My parents and son were cheering me on as I exited the water to transition to the bike. It was still relatively cool and having just gotten out of the water, I felt great. I hopped on my bike and settled-in to a relaxing cadence for the 112 mile ride. The first 10 miles or so were flat and shaded. Then the fun started. The majority of the bike course was one annoying hill after another, and as the day wore on, the combination of heat and hills were starting to take a toll on some. Others were unlucky to have gotten a flat, while the unprepared who got flats had no choice but to sit and wait for assistance. I tried to stay relaxed and hydrated. My goal was to finish and I was mostly concerned about having enough legs and energy to finish the marathon run still ahead of me. Thankfully, the last 10 miles back to the river were flat again, and by this time the afternoon sun was starting to cool off.
Transitioning to the run was surreal. The transition tent was stifling, noisy and stinky. Nevertheless, once I had changed into my running gear, I just sat on the plastic folding chair I claimed as home base for at least 5 minutes as I tried to rehydrate from the water the awesome volunteers made sure to supply me with.
I walked out of the tent, had a lovely lady slather me with sun tan lotion (but didn’t get her number) and then jogged out of the transition area to the cheers of my parents, sister, son and nephew. What a great cheering section and a welcome site! They really motivated me to carry on.
Being on the run course, finally, was my favorite part of the race. I loved running out over one of the awesome Louisville bridge that took us out over the river I had swam in hours earlier. I challenged myself to run 7-8 miles before walking. I made it that far and then some. Around 15 miles I started hurting and was walking about a half mile for every mile I ran. The water tents were a welcomed necessity, as was the chicken broth at each station. I knew replacing all the salt I was losing was just as important as hydration.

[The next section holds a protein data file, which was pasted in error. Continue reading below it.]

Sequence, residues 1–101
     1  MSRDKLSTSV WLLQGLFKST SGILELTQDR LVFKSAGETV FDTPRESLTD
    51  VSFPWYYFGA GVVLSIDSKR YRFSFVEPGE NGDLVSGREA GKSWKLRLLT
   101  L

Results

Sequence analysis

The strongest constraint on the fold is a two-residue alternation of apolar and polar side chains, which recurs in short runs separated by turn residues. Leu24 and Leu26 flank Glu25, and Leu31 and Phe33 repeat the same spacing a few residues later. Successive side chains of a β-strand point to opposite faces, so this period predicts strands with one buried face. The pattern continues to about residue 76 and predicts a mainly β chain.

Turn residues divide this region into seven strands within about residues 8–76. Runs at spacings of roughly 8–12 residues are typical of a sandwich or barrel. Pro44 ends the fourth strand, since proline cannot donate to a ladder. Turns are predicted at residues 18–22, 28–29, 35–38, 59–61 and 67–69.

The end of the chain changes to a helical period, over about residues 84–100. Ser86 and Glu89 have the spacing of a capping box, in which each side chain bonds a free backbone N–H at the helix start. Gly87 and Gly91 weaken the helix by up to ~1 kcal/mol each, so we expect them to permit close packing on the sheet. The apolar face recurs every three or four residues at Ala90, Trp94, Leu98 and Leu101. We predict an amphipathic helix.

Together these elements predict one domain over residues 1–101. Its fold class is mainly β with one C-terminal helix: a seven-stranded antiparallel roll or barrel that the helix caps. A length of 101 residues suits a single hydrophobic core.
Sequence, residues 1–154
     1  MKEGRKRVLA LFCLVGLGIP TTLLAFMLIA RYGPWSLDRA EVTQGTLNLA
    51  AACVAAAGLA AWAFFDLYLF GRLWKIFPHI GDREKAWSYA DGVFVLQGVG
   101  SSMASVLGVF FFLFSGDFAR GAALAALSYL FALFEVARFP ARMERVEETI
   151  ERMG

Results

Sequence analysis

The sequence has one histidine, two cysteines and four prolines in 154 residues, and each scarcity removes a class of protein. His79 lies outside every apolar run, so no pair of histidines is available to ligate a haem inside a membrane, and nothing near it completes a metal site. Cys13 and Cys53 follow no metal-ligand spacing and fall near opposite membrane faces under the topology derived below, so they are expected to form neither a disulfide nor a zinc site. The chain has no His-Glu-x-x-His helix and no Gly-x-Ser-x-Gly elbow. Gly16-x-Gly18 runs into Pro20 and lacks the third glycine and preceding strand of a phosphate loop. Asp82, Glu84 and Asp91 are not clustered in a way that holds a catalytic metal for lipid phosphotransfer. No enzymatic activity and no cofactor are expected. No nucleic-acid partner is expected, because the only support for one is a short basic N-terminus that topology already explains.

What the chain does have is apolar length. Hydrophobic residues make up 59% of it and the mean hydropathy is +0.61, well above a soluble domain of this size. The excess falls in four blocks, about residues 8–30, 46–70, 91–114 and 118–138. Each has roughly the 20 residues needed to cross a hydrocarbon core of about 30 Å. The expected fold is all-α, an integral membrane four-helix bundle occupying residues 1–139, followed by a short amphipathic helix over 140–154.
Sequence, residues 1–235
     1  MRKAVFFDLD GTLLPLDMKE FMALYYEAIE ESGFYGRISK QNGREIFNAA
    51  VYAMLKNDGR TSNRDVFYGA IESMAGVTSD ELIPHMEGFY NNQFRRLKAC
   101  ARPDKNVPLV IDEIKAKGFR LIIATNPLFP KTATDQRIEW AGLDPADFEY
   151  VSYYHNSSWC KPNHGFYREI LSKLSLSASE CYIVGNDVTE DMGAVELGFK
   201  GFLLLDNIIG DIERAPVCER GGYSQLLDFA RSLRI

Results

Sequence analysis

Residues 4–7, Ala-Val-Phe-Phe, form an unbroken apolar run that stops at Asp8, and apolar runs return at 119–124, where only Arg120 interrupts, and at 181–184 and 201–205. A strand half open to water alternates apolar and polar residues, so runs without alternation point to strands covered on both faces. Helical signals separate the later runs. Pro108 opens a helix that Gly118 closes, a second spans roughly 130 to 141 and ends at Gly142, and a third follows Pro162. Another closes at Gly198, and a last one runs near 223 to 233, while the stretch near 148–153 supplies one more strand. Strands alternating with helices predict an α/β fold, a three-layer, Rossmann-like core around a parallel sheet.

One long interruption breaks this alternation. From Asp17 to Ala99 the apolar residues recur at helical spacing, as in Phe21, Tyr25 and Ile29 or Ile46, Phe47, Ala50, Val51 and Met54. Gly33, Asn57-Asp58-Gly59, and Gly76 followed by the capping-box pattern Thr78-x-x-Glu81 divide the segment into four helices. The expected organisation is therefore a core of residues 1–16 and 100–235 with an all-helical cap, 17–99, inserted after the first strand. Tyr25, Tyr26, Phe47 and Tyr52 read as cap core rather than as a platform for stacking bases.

Running by the finish line at 4th Street Live before having to run back out on the course for a second loop was a horrible mental challenge. Volunteers passed out glow stick lights as we made the turn into the second loop, which I started just before the sun was going down behind the tall buildings of the city. Using the glow sticks as indicators, one could tell which runners were on their first lap and which ones were on their second. My glow stick emitted the purple light of hope as I gave thanks for not still being on the first lap once the sun had disappeared.
As I closed-in on the finish line, a volunteer enthusiastically ran out into the street and yelled: ‘You’ve completed 140 miles today and now you only have .6 miles left to go!!!’. A little girl was sitting on the curb along the street we were running on and she screamed at us: ‘You’re an Ironman!!!’. I was so stoked at that point. Nothing could have kept me from crossing the finish line now!
Finally!!!! Fourth Street Live came into view…again. Except this time I got to cross under the Ironman Arch and stop my body from moving. Finally!!!! I gave high-fives to every spectator in my field of vision. The announcer congratulated me on becoming an Ironman. I had done it!! Final time was 15:31.59. It was a slower time than I had hoped, but I was higher than a kite for finishing and living through the experience and for having my parents, sister, son and nephew at the finish line with me. I’ll never forget the experience and gratification from that sense of accomplishment.